Longtime readers of this blog (all three of you) may be aware that I lost my job back in early July, and blogging has been rather sparse since then. You may be asking how things are going. The short answer: not so good.
I've sent out some resumés for library jobs principally in the Charlotte, NC area, since I've got family there, and that's where I'd like to wind up. So far, I've gotten no invitations for an interview, although I did receive word that two of the positions I'd applied for had already been filled. One respondent said my qualifications appeared to be "stellar," which gave me some small encouragement.
In recent weeks, however, some health problems have flared up which may make it more difficult for me to work outside the home, especially if they persist. I already have a serious disability and some other health problems that make working more challenging than it would be otherwise. In view of that, after much prayer and deliberation, I've decided to apply for government disability benefits, at least as a temporary measure. I'm also mulling over the possibility of starting some type of small home-based business (freelance writing, copy editing, indexing, for example) to supplement what I might receive in benefits. There are provisions under the rules where I could work and earn a certain amount each month and still receive benefits. However, I've spoken with friends and family members who've run their own businesses, and both have advised me that working for yourself can be very stressful and demanding.
In short, there are no easy ways out of the current mess. Many, if not most, days I feel very depressed and discouraged, and I have to struggle to find the energy to get out of bed and keep going. Prayer helps a lot. I say the Rosary and the Tessera, the set of prayers associated with the Legion of Mary almost every day now, and I always feel better when I do. I am president of our praesidium, or local chapter of the Legion, and I wish I set a better example for our members.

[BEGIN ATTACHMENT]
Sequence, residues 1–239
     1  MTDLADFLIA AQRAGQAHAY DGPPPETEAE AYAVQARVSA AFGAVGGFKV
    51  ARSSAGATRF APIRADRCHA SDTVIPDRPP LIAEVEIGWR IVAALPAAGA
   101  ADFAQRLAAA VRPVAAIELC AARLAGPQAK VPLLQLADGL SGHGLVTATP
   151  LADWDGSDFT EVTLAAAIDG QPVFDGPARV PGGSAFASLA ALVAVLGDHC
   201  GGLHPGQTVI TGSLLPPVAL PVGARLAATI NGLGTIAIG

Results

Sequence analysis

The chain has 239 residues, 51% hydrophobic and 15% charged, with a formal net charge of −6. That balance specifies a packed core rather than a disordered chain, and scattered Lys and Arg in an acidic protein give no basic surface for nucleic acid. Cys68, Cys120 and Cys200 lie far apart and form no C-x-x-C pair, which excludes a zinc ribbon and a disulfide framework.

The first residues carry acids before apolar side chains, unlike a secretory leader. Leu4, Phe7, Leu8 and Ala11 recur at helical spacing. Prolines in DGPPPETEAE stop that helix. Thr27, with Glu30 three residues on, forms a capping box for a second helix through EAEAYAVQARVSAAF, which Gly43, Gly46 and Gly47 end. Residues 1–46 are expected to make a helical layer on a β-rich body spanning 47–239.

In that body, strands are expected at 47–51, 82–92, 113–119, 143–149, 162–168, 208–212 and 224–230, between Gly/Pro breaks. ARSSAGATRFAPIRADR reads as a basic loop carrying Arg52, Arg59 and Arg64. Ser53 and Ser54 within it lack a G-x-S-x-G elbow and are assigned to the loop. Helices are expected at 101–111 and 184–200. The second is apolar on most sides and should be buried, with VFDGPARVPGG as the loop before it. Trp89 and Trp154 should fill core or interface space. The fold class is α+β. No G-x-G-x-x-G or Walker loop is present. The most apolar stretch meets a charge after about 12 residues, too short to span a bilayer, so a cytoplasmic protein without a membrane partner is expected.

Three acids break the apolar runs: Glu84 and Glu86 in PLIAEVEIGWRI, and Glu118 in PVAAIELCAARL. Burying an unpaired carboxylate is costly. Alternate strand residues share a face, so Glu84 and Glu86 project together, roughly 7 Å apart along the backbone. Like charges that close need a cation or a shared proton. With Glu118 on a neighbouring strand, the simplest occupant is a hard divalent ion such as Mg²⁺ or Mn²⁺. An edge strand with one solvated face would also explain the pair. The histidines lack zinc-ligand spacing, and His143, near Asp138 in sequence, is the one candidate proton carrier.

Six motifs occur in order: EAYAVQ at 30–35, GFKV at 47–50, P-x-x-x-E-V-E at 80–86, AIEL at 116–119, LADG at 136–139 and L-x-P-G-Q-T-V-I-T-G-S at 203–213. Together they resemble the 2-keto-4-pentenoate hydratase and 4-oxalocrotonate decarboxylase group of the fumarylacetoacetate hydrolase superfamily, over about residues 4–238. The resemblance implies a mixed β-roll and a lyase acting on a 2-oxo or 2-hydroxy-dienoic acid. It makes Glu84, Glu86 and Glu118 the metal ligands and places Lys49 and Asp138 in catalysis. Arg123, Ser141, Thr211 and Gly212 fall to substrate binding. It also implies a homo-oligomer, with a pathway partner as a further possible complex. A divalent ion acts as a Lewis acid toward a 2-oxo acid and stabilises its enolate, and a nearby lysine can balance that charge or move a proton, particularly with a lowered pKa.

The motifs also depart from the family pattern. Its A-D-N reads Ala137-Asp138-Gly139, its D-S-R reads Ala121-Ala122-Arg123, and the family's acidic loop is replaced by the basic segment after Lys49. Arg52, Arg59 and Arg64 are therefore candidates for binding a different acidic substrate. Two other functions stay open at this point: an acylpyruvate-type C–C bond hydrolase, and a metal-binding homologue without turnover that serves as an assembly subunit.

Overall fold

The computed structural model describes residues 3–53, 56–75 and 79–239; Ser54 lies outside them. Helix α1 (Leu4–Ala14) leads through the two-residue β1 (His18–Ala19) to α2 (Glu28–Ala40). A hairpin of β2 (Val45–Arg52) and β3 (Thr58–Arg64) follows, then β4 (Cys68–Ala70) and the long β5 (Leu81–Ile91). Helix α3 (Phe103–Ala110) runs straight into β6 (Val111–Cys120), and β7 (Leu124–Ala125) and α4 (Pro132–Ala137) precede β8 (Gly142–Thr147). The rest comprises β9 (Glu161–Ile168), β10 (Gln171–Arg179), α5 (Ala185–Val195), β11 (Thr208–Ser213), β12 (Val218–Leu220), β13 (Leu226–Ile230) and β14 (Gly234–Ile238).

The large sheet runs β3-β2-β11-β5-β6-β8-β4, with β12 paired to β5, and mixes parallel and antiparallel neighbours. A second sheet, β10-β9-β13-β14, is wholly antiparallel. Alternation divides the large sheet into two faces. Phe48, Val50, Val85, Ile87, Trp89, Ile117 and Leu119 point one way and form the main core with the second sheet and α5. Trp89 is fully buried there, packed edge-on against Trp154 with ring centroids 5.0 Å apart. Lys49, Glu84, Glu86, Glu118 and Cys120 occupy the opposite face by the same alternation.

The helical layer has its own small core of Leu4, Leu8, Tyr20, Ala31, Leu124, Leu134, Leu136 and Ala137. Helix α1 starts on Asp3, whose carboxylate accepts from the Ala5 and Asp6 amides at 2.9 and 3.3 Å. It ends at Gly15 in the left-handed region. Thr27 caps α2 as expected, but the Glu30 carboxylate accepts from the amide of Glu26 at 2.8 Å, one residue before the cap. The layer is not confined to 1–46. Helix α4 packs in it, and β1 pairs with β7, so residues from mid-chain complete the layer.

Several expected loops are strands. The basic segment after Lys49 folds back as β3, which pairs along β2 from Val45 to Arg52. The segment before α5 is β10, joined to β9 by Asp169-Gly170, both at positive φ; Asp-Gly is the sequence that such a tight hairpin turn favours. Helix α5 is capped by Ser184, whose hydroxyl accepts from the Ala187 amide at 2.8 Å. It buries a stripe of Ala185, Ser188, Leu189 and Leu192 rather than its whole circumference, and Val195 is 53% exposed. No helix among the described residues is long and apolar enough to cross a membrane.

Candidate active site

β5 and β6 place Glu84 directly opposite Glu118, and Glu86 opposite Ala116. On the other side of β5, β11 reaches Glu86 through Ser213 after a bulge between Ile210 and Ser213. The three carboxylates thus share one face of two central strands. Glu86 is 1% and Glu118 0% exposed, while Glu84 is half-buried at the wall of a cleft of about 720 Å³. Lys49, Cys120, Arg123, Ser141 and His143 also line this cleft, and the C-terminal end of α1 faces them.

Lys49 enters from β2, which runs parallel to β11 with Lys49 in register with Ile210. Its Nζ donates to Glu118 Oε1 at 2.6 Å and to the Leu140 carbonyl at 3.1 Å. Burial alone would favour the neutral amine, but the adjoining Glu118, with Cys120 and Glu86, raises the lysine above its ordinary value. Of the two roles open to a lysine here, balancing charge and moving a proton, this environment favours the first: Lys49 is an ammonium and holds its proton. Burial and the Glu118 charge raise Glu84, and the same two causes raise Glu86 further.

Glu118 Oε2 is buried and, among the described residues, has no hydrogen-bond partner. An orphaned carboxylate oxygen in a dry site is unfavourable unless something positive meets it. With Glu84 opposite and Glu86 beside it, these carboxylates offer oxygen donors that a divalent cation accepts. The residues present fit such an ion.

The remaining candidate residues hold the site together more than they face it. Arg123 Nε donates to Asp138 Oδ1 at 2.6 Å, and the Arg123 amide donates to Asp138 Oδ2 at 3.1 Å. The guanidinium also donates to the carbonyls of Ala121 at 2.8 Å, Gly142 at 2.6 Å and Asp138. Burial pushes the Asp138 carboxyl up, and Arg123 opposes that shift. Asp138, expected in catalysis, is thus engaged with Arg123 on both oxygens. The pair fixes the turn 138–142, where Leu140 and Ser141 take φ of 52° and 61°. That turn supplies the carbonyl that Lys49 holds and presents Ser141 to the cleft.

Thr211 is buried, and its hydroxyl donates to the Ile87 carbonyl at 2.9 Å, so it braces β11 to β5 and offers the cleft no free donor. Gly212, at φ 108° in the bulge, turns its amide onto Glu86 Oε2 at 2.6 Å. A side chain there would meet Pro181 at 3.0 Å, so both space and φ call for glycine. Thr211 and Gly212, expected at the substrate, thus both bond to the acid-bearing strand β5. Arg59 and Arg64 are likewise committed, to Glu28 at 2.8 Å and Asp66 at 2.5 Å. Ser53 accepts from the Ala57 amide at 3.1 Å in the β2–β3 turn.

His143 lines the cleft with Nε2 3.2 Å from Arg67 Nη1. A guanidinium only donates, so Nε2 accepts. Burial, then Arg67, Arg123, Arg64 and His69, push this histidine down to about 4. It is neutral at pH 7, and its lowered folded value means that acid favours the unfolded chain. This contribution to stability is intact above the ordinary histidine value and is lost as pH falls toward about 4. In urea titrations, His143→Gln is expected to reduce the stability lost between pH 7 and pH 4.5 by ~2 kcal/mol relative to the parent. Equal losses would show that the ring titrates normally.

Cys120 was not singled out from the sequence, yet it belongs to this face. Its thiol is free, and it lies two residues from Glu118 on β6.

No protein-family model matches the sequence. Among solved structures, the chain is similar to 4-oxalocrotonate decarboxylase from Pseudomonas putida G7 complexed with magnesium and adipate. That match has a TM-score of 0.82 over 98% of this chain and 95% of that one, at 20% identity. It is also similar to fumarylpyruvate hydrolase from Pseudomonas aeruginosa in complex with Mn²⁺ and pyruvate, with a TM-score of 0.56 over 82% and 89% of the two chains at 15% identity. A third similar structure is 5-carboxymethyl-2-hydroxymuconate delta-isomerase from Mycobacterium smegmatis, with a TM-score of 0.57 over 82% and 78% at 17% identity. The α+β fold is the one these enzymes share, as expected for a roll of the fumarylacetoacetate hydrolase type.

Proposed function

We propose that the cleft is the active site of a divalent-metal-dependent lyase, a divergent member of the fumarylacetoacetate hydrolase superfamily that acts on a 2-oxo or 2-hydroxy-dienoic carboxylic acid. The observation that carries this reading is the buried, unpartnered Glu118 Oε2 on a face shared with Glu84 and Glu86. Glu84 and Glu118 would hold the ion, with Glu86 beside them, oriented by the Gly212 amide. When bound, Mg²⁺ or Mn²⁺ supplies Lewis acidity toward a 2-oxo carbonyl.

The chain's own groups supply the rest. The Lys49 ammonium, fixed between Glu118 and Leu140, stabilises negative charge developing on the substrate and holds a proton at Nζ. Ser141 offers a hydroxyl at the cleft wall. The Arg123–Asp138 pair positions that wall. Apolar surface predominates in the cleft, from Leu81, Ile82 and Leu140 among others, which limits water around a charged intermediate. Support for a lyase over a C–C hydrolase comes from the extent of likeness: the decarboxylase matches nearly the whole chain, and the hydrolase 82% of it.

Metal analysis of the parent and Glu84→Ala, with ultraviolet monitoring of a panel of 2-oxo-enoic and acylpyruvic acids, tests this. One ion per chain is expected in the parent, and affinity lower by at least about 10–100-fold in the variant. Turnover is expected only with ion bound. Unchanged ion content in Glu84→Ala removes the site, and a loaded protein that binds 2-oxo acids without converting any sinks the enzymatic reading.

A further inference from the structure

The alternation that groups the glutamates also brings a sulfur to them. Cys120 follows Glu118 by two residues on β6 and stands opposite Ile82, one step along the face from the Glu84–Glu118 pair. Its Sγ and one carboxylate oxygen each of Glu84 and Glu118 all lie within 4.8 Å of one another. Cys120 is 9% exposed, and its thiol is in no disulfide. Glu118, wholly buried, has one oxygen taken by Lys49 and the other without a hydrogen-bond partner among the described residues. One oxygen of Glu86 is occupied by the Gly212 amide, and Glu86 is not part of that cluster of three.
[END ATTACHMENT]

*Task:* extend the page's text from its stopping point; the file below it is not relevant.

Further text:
Much has been made of the recent revelations that Mother Teresa suffered from years and even decades of spiritual darkness. She perceived absolutely no sign of God's presence in her own life and even wondered aloud if God was really there, yet urged those around her to seek and serve God. Some have said that this made her a hypocrite, but to me it just means she was human. Everything I've ever read about prayer cautions that there will be "dry times" when God seems to be absent or deaf to our prayers, but the same spiritual authorities (including Jesus himself in Lk. 18:1-7) urge us to keep praying and loving and serving God anyway. Somehow, I find it enormously comforting and encouraging that even someone as obviously holy as Mother Teresa went through such a profound period of spiritual darkness and dryness and yet remained faithful to what she knew God wanted her to do. The kind of darkness I'm going through now is nothing like what she experienced, but if Mother Teresa got through hers, I can get through mine. I'm in pretty good company.